In addition to the internal dynamics the president must navigate to maintain his grip on the country’s institutions, he cannot allow himself to be seen to acknowledge a foreign government’s judicial request, Sayigh said. “Especially since he does not face the threat of sanctions or any kind of penalty that is remotely similar, he has even less reason not to take a similar posture of refusing to cooperate.”
According to Mefreh, the trial of the Egyptian officers will have symbolic meaning for thousands of Egyptian human rights defenders, victims and detainees languishing in Cairo’s jails: “We hope the proceedings will turn into a trial of the regime and its security and intelligence apparatus, which have achieved an unprecedented level of recklessness and impunity under Sisi’s office.”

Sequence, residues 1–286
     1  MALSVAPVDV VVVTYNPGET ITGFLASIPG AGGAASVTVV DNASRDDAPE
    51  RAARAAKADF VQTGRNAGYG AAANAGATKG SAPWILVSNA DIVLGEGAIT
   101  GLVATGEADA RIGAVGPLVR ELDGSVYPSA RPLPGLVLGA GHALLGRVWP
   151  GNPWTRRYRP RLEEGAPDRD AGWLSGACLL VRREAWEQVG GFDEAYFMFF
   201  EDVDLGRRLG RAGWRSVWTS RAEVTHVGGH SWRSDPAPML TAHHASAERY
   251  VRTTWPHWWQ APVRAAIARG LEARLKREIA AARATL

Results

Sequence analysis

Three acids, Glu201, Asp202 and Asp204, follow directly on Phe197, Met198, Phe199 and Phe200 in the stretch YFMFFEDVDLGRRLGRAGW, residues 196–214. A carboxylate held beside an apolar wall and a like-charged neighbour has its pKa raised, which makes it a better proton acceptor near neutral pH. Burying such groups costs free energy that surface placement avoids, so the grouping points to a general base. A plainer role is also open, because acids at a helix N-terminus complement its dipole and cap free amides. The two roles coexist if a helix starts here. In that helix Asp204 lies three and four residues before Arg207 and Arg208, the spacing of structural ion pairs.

The Committee for Justice, which has monitored thousands of human rights violations by Egyptian security services this year alone, this week published a report titled “The Giulio Regenis of Egypt Since 2013” - a testimony to the international impact of the case.
Regeni's family has only become more determined, turning his case into a larger battle for justice in Egypt
The family’s determination to obtain justice has never wavered. If Cairo hoped that by failing to cooperate, the case would fade from public attention, the opposite has come true. Regeni’s family has only become more determined, turning his case into a larger battle for justice in Egypt.
If justice is delivered for Regeni, they hope it may be delivered - at least symbolically - to all victims of the regime.
The views expressed in this article belong to the author and do not necessarily reflect the editorial policy of Middle East Eye.